Can we trust the answer, though?  With the profluence of information, some of it is fudged for a platform, some facts avoided or even completely falsified.  When I was in college, it was expressly prohibited to use Wikipedia as a cited source.  For good reason, as it is a user-generated content site, but does the Broadband Generation know this?  (I’ve encountered many people that don’t so I could be over-stepping the assumption.)  A knowledge with falsified foundations leads to dangerous illusions of power.  Many times have I been involved in a conversation with an unwilling participant, in such he or she refused to remotely listen to a differing point of view.  As I said above, I’m all for argument, but when the “opposition” stands resolute even in the face of fact, frustration reigns.  And perhaps this is the malaise.  Listening does not come as second nature in these times.  Note again the North Carolina primary: before Paul can fully finish his sentence, the disapproval begins.  And in internet culture, one doesn’t even have to listen at all.  Make a statement and filter out everything that occurs after.  If you think you have something to say and desire recognition for your proclamation, shouldn’t you then expect someone else to have the same desire?

Isn’t that the Golden Rule?

What we’re finding at the core is a lack of respect.  And as this NPR article points out, the threat of it could go further.  With examples such as Joe Wilson (the “You lie!” Representative) and the Iraqi journalist who threw a shoe at George W. Bush as a tangible metaphor for the American attitude toward the president, it’s clear this attitude is everywhere.  And being promoted through positive reinforcement (Rep. Wilson apparently received millions in campaign funding after the incident).  As far as accountability, the Arizona governor story has a sadly humorous beat: “I didn’t know when that photo was snapped” being her response to a documented accusation of disrespect.  Perhaps this is the future.  “Every man for himself.”  This truism was designed for times of survival during times of duress.  Maybe that’s where we are, just in a different sense.  Seeking out and destroying via rude remarks under a blanket of zero accountability because we feel threatened by modern times.  All we can ask for is a return to the Golden Rule, however difficult it may be.  Altruism, like policing a younger generation’s internet activity, is a pleasant idealistic theory, but a theory without proof all the same.  Kind of bleak, but I can’t say it’s incorrect.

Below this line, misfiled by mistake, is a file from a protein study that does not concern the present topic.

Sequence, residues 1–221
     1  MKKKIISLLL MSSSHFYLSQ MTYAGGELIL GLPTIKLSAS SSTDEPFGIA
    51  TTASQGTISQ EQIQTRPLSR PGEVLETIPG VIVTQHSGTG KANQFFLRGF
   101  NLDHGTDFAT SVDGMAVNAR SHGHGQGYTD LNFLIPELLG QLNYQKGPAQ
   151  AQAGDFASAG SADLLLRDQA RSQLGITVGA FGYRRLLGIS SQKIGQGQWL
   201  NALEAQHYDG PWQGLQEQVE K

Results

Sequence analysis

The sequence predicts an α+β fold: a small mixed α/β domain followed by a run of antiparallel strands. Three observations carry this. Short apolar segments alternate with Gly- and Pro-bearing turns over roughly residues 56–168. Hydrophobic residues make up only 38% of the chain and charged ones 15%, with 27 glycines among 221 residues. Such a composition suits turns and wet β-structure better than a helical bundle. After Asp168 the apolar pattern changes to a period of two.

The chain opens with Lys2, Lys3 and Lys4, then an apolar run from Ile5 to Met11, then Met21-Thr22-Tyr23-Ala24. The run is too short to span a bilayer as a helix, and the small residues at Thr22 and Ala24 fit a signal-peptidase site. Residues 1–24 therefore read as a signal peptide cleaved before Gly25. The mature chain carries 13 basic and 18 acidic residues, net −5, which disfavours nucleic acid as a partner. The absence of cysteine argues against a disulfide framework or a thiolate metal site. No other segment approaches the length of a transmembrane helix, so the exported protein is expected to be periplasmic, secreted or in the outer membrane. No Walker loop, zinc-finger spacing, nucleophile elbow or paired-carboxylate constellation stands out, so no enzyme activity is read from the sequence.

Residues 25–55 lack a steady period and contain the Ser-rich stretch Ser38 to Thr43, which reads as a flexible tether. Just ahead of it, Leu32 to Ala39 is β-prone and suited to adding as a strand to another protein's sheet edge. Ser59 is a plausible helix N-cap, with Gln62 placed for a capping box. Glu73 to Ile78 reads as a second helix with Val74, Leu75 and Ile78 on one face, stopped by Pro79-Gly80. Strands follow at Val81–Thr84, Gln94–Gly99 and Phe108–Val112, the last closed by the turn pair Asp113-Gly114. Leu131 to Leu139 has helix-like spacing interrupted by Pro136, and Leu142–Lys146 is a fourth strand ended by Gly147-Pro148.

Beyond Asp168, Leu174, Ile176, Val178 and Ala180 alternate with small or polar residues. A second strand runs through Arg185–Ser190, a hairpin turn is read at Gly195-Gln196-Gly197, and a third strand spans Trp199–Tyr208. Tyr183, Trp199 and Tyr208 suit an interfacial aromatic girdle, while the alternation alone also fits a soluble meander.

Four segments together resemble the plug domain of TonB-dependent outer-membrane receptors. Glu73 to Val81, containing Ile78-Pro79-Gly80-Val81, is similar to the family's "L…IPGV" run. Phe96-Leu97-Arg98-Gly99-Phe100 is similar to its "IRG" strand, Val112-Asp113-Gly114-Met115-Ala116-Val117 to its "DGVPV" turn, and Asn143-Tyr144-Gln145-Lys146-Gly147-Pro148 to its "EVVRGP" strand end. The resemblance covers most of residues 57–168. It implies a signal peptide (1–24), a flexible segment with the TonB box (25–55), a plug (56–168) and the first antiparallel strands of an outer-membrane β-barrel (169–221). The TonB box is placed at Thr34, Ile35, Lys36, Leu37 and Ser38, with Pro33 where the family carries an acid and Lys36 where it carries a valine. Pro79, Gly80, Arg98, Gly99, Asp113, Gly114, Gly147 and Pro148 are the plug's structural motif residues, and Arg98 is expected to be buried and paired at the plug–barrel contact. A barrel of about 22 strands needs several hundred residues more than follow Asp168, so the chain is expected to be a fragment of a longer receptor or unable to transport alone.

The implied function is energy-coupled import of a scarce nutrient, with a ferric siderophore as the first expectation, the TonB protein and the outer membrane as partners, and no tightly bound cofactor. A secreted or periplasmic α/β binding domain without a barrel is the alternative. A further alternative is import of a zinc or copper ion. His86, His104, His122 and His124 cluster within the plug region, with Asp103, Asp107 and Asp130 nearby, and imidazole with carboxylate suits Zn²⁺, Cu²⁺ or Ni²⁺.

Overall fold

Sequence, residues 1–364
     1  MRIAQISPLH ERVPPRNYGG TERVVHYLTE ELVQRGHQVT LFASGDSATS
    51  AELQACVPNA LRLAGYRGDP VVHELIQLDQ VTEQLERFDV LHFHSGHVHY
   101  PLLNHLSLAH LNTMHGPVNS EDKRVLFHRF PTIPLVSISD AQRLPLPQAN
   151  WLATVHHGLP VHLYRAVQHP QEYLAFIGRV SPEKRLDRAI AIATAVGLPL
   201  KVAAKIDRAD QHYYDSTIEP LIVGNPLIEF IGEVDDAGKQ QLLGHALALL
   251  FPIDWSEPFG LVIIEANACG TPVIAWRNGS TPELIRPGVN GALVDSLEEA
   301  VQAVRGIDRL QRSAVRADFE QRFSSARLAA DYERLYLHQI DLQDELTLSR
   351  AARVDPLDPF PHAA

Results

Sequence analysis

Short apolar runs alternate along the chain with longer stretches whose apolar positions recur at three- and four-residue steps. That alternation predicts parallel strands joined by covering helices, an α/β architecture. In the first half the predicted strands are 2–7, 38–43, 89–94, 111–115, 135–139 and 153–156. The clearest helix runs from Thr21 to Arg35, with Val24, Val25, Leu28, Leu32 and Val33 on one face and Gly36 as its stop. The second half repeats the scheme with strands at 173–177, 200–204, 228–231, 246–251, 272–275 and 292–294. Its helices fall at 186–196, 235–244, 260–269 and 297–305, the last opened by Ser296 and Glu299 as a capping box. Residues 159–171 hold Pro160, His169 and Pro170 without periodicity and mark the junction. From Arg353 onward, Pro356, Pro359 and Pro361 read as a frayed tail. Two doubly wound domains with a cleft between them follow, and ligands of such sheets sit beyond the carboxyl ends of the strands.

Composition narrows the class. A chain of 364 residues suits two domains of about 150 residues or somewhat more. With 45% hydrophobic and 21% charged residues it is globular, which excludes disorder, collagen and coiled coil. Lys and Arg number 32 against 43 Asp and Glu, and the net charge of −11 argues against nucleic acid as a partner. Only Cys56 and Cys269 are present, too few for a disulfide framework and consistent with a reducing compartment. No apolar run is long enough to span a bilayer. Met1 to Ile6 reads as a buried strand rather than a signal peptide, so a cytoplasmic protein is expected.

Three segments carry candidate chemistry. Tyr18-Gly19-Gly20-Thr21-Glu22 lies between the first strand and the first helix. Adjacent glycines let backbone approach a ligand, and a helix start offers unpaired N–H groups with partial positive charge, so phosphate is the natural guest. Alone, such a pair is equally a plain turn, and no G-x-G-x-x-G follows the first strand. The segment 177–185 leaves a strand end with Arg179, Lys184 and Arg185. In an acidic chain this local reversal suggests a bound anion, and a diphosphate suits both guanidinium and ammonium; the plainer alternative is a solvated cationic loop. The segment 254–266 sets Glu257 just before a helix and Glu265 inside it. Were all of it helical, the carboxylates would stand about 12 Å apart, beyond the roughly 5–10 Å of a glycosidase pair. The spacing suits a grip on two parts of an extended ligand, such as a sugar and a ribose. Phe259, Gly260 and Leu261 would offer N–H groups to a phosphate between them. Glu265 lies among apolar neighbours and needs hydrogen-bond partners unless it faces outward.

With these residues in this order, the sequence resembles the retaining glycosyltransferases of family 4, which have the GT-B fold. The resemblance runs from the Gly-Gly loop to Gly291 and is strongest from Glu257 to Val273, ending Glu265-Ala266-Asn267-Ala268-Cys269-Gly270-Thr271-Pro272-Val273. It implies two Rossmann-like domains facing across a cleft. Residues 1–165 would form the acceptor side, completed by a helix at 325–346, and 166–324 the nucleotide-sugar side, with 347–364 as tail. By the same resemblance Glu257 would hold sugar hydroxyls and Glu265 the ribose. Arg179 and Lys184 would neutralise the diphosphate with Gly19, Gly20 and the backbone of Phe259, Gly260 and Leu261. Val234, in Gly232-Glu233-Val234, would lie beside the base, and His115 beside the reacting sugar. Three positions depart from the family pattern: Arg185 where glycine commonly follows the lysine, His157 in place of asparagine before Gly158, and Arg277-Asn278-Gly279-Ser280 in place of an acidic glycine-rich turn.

Re-Cycle

A recent event led me to conduct something of a retrospective of my old work.  The rehash forced me to realize that I don’t recognize the person who wrote these things.

I believe this bit of Los Angeles observation from 2004 will do just fine as an example:

I heard once a woman’s face melted.  Right there, the friend of a cousin of a friend, said she just started bubbling.  He or she saw the whole thing.  Apparently this story teller, however hypothetically or unbelievable the connection to me, saw her face pool around her seven thousand dollar shoes.  His thrice detached companion, my friend, told me the story which, of course, I discredited with my ninth grade semester-long chemistry knowledge.

“You think I’m dumb enough to believe that?  Just because it’s called plastic surgery doesn’t mean it’s actually plastic.”  I tugged at my ultra-hip polo shirt.  “Dumbass.”

Who is this “I” and where was he hanging out?  When I first began writing, it seemed the work produced would act as a time capsule – a comfortable space to which I could return to recount memories, relive them.  Though quite some time has passed and this story in question is one of inconsequential value, I still have no recollection of the event.  (Or much of my time in Los Angeles, as far as specifics go.)  It’s filed under “Personal Essays”, but nothing about what precedes or follows those two paragraphs feels personal.  I draw the conclusion that I need to reconnect with this person and perhaps a return to the blog format is a proper conduit to do so.  I mean, honestly, I’ve never worn a polo shirt in my life.